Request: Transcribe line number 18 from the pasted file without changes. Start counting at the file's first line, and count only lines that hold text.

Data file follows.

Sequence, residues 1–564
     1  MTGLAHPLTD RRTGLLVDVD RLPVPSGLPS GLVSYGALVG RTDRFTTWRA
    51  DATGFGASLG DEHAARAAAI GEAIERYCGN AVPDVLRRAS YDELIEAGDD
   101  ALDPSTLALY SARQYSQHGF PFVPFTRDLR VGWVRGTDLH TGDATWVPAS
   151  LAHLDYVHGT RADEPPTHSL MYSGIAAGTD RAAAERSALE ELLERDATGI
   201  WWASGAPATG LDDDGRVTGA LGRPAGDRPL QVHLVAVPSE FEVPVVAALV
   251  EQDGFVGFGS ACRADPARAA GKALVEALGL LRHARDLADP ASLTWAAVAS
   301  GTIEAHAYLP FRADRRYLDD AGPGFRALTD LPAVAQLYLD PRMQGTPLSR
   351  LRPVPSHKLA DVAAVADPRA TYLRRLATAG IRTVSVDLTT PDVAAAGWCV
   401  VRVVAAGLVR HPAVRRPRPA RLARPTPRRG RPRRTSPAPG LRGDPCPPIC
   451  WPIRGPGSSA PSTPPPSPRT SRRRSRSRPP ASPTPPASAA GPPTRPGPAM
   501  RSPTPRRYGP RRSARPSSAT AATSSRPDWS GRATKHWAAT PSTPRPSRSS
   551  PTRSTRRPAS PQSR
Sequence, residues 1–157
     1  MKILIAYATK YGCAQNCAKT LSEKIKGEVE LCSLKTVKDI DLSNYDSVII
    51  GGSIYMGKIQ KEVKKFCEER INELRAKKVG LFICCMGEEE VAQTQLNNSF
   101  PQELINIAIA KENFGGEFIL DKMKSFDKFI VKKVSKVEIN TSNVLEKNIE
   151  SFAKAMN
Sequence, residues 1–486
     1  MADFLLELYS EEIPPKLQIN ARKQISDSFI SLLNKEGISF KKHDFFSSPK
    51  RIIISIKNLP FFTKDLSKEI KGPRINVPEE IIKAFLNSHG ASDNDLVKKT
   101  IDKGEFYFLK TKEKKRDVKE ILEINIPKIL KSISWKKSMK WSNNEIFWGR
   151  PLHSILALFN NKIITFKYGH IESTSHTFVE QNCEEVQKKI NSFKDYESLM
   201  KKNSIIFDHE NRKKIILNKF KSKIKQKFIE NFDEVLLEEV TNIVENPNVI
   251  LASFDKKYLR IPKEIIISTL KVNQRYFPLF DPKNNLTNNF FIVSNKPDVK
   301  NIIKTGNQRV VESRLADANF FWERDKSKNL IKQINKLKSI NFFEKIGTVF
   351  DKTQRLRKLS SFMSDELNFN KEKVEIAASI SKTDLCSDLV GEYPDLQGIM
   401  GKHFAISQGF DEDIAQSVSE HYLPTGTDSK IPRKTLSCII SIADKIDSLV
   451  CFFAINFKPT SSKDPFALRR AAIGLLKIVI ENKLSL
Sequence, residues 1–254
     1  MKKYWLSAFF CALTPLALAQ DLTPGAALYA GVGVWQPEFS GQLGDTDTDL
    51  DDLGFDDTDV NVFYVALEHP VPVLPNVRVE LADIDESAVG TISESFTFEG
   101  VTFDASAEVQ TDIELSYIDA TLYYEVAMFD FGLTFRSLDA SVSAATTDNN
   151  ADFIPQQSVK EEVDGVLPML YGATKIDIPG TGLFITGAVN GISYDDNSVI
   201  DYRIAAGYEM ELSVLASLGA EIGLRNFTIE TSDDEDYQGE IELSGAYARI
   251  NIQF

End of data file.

   151  SFAKAMN